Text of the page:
Data projectors are a must for sales presentations, meetings and conferences. Like computers, data projectors come in a variety of price ranges and models, each with their own menu of features and capabilities. Choosing the data projector that’s best for you depends on how you intend to use it and your budget. Consider the following when shopping for data projectors.
Perhaps the most important feature of a data projector, brightness determines whether or not your audience will be able to see your projection. Brightness is measured in lumens, and for small presentations in fairly dark rooms (less than a dozen people), about 1,500 lumens will do. But the larger you make the screen, the more brightness you’ll need. You’ll also have to factor in overhead lights, windows and other lighting that competes with your data projector. A darkened room is ideal for presentations, but in most cases, you’ll have to allow some light for note taking. For rooms that get direct sunlight, go for 2,000 lumens. For auditoriums with the lights up, aim for even higher—2,500 lumens and up.
High resolution is necessary for applications where you need images and text to be highly readable. For simple graphics and PowerPoint Slides, SVGA is sufficient. For more advanced graphics and spreadsheets, go for XGA. Large images need XGA, and extremely detailed images, such as engineering drawings, SXGA is your best bet.
Like cell phones and computers, projectors are getting smaller every day. But there’s a tradeoff in terms of size and performance. Smaller projectors can pack in more features and performance, but you’ll pay more in the end. If you travel often, getting a lightweight portable data projector makes sense. But if you keep your projector in the conference room, you may as well save some cash and invest it towards a bigger model with better specs.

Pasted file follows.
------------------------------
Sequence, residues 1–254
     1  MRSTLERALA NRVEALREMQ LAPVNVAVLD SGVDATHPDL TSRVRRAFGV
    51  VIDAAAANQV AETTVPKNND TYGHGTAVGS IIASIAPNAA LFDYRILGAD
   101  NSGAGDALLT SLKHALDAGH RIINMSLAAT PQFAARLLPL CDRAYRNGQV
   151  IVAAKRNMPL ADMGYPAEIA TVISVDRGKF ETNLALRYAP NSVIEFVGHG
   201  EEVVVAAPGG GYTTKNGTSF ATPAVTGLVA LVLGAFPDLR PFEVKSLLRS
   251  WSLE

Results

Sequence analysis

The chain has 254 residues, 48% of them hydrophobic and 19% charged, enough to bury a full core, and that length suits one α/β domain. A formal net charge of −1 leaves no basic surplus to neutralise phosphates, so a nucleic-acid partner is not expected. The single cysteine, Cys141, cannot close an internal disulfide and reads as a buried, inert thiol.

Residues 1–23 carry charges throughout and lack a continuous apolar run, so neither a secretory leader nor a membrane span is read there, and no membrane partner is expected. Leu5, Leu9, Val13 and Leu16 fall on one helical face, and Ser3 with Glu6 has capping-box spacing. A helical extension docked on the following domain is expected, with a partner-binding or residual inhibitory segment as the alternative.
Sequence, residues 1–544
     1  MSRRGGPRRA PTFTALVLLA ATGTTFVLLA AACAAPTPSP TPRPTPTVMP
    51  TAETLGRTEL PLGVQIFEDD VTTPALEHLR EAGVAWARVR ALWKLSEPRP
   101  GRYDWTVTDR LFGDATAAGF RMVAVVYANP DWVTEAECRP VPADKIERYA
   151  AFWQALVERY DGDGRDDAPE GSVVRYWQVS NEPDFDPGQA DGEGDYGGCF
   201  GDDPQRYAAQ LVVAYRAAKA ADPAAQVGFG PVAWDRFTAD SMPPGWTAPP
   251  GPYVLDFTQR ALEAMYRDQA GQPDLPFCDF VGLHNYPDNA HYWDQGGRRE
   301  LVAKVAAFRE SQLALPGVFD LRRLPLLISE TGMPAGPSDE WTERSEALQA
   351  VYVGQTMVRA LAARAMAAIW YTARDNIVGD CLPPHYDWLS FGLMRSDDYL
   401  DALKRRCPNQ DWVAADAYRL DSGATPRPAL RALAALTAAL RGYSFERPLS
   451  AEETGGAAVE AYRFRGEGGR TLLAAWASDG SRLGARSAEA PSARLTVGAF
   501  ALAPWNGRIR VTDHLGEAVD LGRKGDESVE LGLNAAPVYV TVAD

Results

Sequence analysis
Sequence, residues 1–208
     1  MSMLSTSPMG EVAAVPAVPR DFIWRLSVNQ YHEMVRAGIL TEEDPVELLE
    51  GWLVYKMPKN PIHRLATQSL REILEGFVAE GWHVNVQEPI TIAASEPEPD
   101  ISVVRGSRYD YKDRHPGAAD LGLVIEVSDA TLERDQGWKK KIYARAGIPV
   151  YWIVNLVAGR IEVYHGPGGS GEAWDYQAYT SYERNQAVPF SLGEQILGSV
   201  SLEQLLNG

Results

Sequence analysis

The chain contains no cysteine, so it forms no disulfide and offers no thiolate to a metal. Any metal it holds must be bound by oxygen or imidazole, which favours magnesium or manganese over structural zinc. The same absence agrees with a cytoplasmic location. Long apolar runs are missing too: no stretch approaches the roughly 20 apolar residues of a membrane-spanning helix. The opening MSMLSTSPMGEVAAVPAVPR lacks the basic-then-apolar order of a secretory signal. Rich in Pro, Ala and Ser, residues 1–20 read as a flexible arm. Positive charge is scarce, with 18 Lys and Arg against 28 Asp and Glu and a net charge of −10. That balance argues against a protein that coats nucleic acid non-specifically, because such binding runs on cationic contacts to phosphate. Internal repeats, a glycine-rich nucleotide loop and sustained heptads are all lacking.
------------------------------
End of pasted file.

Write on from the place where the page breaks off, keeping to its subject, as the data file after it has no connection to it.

When buying a projector, you’ll also want it to be fairly user-friendly. Otherwise, you may have colleagues pestering you for help with the projector every few hours. Plus, struggling to get a data projector doesn’t do much in terms of instilling investor confidence during high stakes presentations.
Considering the price of replacement lamps, you’ll also want to look for a projector that has long lamp life. You may want to scope out the cost of a replacement lamp before you buy, too, just so you can get a good idea of total cost of ownership.
If you plan on using the projector in a small room, you may also want to look for a projector that operates fairly quietly.
Lastly, make sure that your projector is compatible with your office’s computers. DVI ports are the standard, but doublecheck to make sure that it’ll work with your computer, especially if you have a Mac.
Data projectors are as essential meetings and conferences as a computer monitor is to everyday productivity. Choose your data projector wisely and avoid technical difficulties down the road that dampen the overall experience of your presentation.